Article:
Outside of traditional photographic purposes, there is also hope that this technology can be used to improve security systems, satellite imaging,  and infrared detection.

[Sources: CNET & Science Daily]

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The funniest thing is that the 1000x better result is when compared to old Graphene sensor, not CCD and CMOS. So, when compared this to current CMOS sensor, the difference is roughly 10x better so not a huge deal but you can always sell those sensors with that slogan.

get a clue what you talking about.. this article is full of nonsense....

Ale Vidal's picture

ahahahah you have absolutely right :D

Ok. Fine. I'll do it.

"1000x more sensitive than current pixel-based light sensor technology"
They get an increase from 10mA/W in previous single-layer tech, to 8.61A/W in their new modified graphene. Exactly how they modify the band structure, or how the electron trapping works is beyond me (I'm still working with "oldskool" electronics). How this compares to existing CMOS or CCD technology is not mentioned once. In fact, I can't find anything on the current responsivity of any existing CMOS sensor. (Apparently in the 0.1 - 0.6A/W range for Ge/Si. Don't know if this is what Canikon uses. Any patents out there?)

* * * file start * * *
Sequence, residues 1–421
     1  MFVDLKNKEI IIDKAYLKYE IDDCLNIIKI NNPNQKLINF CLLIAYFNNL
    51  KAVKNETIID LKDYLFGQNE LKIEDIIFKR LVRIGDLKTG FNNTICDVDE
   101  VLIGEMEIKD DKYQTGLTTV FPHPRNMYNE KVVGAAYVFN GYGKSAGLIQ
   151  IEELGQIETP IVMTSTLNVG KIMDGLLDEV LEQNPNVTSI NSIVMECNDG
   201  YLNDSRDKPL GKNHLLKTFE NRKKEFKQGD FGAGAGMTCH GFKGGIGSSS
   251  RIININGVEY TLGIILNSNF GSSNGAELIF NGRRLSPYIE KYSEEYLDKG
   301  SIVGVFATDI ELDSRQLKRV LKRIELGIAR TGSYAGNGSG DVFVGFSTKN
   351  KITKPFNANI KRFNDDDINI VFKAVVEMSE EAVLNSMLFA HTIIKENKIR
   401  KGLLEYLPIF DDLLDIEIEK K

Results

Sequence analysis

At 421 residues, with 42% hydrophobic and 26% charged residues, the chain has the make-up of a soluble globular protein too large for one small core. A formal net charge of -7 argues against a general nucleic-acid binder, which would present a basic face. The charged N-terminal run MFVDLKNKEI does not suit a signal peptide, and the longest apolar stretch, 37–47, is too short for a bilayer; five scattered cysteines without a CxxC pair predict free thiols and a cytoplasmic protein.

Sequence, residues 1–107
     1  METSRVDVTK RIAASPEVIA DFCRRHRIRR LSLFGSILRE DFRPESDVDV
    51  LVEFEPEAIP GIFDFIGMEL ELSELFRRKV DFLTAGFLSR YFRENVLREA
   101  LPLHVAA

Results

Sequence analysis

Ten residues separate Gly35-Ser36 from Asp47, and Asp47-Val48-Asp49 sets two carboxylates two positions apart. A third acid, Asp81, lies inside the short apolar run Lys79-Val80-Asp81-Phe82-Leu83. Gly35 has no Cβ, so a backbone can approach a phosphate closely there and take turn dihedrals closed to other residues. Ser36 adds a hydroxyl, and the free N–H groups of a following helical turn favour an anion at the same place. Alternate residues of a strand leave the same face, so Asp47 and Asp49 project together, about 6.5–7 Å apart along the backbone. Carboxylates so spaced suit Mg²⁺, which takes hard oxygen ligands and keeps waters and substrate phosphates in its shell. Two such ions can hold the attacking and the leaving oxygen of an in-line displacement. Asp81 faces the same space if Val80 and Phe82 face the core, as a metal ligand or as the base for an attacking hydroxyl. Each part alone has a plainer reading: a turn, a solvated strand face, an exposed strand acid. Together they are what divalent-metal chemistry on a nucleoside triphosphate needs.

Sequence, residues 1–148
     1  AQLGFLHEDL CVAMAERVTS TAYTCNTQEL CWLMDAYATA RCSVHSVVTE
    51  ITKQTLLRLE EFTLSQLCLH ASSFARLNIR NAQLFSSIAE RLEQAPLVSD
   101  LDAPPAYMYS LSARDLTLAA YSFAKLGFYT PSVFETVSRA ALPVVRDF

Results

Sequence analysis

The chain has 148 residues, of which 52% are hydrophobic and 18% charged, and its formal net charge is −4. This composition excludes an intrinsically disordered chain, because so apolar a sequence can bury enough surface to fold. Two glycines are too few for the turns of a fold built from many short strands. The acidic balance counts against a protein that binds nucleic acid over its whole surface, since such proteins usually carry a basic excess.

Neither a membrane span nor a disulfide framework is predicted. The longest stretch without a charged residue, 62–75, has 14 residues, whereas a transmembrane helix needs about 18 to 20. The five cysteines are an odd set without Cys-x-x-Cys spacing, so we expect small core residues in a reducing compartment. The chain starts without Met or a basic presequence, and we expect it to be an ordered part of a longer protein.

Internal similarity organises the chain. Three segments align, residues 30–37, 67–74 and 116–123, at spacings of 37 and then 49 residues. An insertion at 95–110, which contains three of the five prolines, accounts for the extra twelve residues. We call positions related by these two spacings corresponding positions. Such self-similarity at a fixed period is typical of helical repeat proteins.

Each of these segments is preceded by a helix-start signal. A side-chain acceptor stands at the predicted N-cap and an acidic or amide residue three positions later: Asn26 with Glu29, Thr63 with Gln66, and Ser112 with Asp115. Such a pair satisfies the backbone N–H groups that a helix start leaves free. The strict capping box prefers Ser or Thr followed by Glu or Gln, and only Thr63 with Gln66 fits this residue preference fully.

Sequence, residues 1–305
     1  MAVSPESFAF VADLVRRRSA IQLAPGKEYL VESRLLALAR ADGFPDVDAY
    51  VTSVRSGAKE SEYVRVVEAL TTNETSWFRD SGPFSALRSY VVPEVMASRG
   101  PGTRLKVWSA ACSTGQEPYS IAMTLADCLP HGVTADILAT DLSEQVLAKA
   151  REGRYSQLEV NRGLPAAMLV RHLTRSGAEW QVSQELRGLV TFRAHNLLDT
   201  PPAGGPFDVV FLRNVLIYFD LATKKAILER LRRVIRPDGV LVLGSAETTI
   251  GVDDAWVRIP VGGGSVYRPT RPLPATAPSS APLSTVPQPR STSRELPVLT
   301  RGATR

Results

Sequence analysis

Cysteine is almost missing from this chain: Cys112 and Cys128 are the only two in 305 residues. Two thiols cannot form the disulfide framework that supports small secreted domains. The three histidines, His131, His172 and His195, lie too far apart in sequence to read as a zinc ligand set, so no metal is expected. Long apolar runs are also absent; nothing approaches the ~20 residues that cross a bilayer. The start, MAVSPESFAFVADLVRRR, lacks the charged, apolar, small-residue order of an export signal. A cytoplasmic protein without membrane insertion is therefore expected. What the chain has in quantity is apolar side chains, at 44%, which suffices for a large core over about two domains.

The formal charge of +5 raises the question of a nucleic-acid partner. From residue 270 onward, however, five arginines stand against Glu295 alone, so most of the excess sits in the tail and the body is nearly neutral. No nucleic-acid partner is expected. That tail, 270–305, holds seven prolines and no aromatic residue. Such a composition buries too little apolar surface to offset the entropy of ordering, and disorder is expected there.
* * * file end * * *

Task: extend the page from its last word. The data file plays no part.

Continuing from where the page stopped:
"[...] due to its ability to capture and hold light-generated electron particles from wavelengths beyond the visible spectrum"
Which is totally useless. At least, for most imaging applications. You still need to filter before the light hits the sensor (unlike foveon-type technology, and especially so because of the electron trapping), which means you'll still be using a Bayer-like layout. Maybe one green pixel can be replaced with IR or UV (because you're weird like that), or alternatively you could have interchangeable filters (Good luck with the alignment, though). So far, this thing just captures everything in a large range (not everything, but enough to call it "broadband". Refer to my earlier statement of me not knowing enough about band structure engineering), which isn't helpful for capturing isolated colours.

"In laymen’s terms, it “sees” a lot more light than our eyes can, and therefor can produce much cleaner images at higher ISO settings."